SALES TAX Revenue from the City’s one percent of the sales tax, exclusive of the one-half percent special use tax for the Crime Control and Prevention District Fund, is projected to equal $104,536,265, an increase of $4,952,402, or 5 percent from the FY2007-08 budget. Actual sales tax collections for FY2007-08 are anticipated to exceed the FY2007-08 adopted budget by $2,823,533 or 2.8 percent. The FY2008-09 projection represents an increase of $2,128,869 or 2.1 percent above the FY2007-08 re-estimate. This revenue is dependent on the level of retail sales. OTHER LOCAL TAXES Revenues from other local taxes are anticipated to increase by $217,766 or 2.3 percent. Other local taxes include franchise fees on telephone access lines and revenue from the state mixed beverage tax. LICENSES AND PERMITS Revenues from licenses and permits are anticipated to be $9,677,579 or 18 percent lower than the FY2007-08 budget. This category includes predominately franchise fees on utilities and Cable TV, as well as miscellaneous permit fees. A large potion of this decrease is due to the categorical change in how Water and Sewer street rental fees are classified. In previously budgets, this revenue sources has been classified in the Licenses and Permits category. The new budget classification falls under the Transfer category. FINES AND FORFEITURES Total revenue from fines and forfeitures are projected to decrease from the FY2007-08 budget by $1,199,116, or 8.7 percent. This category includes revenue collected from traffic and court fines, administrative and penalty fees and miscellaneous court related charges. USE OF MONEY AND PROPERTY Revenue from the use of money and property is projected to decrease by $3,433,644 or 19.4 percent from the FY2007-08 budget. This category includes interest on the City’s invested cash, as well as rental of City convention and exhibition space. The decrease recognizes lower interest revenue on invested City funds due to decreased interest rates and cash balances in the General Fund.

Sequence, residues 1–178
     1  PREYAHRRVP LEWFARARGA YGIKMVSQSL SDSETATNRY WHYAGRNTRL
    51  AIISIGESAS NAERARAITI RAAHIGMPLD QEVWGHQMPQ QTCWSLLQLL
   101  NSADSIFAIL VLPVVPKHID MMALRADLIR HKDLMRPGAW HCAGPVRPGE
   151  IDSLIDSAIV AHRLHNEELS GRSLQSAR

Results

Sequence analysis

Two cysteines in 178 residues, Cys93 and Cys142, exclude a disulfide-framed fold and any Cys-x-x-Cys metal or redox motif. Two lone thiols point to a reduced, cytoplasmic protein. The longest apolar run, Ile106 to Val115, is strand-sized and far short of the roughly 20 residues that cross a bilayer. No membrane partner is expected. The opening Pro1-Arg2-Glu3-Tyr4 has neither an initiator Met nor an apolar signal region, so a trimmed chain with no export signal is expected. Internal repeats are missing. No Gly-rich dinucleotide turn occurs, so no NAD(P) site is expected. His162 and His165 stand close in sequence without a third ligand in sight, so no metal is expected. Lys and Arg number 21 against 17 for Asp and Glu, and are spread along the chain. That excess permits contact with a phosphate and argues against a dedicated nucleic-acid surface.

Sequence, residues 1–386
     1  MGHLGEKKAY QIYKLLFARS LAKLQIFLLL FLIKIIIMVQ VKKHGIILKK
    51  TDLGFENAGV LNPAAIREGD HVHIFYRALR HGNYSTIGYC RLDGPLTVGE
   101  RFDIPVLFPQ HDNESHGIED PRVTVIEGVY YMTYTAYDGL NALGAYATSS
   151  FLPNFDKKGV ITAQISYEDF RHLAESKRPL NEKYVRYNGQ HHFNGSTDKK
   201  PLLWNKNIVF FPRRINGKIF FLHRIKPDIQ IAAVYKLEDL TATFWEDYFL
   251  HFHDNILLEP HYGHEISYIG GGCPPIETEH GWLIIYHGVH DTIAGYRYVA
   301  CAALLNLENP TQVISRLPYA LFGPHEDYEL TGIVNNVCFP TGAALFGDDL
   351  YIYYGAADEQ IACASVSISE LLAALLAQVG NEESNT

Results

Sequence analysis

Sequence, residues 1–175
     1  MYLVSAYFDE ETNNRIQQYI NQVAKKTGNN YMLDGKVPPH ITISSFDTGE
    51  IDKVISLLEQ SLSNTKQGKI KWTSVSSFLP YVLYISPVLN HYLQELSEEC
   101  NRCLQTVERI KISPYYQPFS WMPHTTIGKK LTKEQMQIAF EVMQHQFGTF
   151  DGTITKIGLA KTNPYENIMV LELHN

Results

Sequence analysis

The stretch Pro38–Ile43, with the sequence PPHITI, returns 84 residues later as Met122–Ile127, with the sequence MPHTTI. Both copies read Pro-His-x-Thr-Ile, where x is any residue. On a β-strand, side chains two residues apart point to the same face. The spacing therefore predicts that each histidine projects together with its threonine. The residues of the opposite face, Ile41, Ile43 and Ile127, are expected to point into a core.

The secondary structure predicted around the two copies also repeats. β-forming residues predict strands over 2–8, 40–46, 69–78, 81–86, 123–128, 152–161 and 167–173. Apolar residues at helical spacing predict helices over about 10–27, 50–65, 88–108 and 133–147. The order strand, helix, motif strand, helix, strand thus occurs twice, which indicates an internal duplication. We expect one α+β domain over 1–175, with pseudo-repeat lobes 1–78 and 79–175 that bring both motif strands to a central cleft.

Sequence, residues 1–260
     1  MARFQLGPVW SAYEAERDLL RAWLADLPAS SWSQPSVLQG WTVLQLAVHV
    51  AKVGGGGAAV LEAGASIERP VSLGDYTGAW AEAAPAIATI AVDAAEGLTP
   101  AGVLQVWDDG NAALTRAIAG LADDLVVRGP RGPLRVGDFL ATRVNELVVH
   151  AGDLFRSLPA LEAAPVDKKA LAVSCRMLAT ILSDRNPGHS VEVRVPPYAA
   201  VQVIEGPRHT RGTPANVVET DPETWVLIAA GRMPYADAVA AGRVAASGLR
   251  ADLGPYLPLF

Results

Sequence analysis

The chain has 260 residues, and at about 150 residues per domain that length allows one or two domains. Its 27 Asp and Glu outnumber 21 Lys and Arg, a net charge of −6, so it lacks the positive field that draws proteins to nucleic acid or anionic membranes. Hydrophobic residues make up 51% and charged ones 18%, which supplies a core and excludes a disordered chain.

REVENUE FROM OTHER AGENCIES Revenue from other agencies is projected to increase by $100,000 or 9.4 percent above the FY2007-08 budget. This category includes revenue from entities outside of the City. For example, a reimbursement received from the DFW Airport is included in this category.

E-71

CHARGES FOR CURRENT SERVICES Revenues from service charges are projected to be $750,293 or 2.9 percent below the FY2007-08 budget. This category includes construction and development related permit revenues, and this decrease is primarily due to a slowdown in building permit activity. OTHER REVENUE Other revenues are projected to be $111,875 or 8.4 percent above the FY2007-08 budget, due to slight increases in miscellaneous revenues and contributions. TRANSFERS Transfer payments are projected to increase by $17,785,399 or 114.8 percent above the FY2007-08 budget. A large potion of this increase is due to the categorical change in how Water and Sewer street rental fees are classified. In previously budgets, this revenue source has been classified in the Licenses and Permits category. The new budget classification falls under the Transfer category. In addition, a street rental fee has been accessed to the Stormwater Utility Fund that was not previously transferred to the General Fund. There is also a one-time transfer of $1M from the Workers’ Compensation Fund. This revenue provides funding for a one-time increase in the Medstar subsidy.